High-tech home coffee equipment brand Hiroia is rolling out the professional cafe follow-up to its cloud-connected automatic pourover machine called Samantha. The new machine, Samantha II, is expected to launch with direct shipping to United States buyers this month.
Currently a joint venture between Japanese manual coffee equipment maker Hario and Taiwanese companies Proch and Moshi, Hiroia launched the original, home-focused Samantha in 2018.
The Samantha II maintains the original’s intricate programmability, including 15 different water flow rate levels for variable turbulence and brew times. Users can also control the water temperature, as well as the number and duration of brewing phases.
The brewer that ships with the new machine is the Hario V60 Drip Decanter, or VDD, set.
“The two layers, a plastic dripper inside a glass server, allow [users] to keep the temperature of the coffee slurry stable and also make paper filter rinsing less necessary,” Hiroia’s Daria Pinchuk told Daily Coffee News. “This can save time in a busy coffee shop. We are currently developing a shower tool that can be put onto the coffee dripper for more brewing recipe variety.”
Unlike the original, the Samantha II connects directly to plumbing for replenishment to a built-in reservoir. It also can heat up automatically and remain hot between brews. The II’s water tank was redesigned for greater durability, and to include an automatic draining feature. A new “Quick Alignment System” ensures alignment of the spout and brew bed.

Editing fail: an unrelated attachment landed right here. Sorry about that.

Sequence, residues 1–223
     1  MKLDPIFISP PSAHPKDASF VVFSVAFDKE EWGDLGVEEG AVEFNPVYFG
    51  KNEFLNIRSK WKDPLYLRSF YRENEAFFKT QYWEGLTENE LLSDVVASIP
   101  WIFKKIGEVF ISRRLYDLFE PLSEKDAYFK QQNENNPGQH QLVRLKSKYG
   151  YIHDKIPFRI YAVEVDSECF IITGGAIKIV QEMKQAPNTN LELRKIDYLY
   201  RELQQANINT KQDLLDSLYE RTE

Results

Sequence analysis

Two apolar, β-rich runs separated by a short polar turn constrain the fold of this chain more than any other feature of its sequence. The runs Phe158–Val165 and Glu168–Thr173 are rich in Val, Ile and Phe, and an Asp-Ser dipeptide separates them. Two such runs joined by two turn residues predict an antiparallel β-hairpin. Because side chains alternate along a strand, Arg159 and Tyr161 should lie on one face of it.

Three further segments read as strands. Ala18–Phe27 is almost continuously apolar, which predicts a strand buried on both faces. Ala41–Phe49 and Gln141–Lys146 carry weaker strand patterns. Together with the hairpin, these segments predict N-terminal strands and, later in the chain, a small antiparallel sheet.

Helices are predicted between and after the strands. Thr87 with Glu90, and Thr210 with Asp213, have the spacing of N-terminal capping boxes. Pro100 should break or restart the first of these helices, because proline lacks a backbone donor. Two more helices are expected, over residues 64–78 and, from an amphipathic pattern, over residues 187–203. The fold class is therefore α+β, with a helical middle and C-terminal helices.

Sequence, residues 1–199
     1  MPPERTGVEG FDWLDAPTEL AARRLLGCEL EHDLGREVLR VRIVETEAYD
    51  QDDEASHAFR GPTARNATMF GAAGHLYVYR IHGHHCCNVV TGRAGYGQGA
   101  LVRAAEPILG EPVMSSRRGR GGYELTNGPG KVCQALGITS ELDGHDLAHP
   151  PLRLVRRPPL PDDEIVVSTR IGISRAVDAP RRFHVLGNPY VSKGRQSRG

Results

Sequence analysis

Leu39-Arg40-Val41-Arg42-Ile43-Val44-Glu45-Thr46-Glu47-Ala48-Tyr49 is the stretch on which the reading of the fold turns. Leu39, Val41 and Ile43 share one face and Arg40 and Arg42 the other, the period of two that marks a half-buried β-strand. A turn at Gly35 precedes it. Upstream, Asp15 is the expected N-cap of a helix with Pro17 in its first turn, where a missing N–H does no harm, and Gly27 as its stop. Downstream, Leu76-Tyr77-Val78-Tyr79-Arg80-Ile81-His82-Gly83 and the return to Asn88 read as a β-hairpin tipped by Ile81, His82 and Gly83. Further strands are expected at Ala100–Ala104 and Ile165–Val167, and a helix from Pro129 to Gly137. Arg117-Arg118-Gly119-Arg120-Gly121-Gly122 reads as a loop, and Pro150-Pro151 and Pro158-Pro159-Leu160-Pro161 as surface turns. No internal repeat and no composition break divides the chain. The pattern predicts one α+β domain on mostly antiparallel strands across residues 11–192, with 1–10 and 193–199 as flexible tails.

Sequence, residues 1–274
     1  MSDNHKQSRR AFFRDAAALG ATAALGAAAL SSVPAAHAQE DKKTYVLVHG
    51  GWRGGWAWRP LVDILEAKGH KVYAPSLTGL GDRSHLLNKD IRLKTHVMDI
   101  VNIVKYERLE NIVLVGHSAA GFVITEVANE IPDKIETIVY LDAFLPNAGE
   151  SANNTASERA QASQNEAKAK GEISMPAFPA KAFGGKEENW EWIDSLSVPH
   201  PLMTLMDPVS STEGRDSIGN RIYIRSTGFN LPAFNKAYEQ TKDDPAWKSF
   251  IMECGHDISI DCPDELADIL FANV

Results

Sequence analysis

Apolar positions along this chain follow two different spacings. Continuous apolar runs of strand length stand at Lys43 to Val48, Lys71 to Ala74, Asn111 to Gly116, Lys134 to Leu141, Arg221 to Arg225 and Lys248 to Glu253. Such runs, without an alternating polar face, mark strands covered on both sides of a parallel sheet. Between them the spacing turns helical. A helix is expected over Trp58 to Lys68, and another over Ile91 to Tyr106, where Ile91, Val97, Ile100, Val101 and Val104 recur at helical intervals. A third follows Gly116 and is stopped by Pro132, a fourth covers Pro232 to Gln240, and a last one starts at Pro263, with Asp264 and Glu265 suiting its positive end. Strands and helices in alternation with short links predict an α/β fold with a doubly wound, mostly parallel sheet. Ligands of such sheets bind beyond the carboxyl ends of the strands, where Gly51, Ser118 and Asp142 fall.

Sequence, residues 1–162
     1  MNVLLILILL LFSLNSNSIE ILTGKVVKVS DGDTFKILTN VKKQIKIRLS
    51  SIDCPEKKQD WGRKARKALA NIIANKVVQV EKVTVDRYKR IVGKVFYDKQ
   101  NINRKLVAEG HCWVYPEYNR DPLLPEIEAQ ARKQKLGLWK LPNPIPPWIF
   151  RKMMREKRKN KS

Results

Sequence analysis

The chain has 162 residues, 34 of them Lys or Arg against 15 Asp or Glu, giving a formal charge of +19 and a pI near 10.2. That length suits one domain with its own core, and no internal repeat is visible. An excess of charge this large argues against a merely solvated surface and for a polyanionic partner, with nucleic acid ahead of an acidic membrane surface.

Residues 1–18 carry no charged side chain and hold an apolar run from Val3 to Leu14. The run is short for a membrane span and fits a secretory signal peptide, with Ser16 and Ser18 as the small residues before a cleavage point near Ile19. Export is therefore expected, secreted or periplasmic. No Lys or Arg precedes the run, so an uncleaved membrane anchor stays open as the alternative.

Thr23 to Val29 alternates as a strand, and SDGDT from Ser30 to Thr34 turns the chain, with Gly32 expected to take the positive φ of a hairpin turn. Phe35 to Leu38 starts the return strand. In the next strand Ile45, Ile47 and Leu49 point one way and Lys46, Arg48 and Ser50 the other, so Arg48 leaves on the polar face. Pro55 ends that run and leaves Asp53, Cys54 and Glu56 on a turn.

Aimed squarely at commercial cafe users and carrying an approximately US$1,700 price tag, the 220V Samantha II can be connected to other Samantha II devices through a fleet programming app. Users can set brew parameters, view maintenance info, and aggregate usage data from multiple machines in multiple locations.
The machine can also be used for brewing tea and cold coffee drinks, the latter involving an adjusted coffee-to-water ratio for brewing directly onto ice.
In addition to the two Samanthas, Hiroia also sells a coffee-focused scale with a magnetic screen called the Jimmy, which launched for U.S. shipments in 2019. Pinchuk said a Jimmy II scale is currently in development, as is a web-connected coffee grinder that will integrate into the “Hiroia coffee equipment ecosystem” for recipe consistency across different coffee bars.
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Howard Bryman is the associate editor of Daily Coffee News by Roast Magazine. He is based in Portland, Oregon.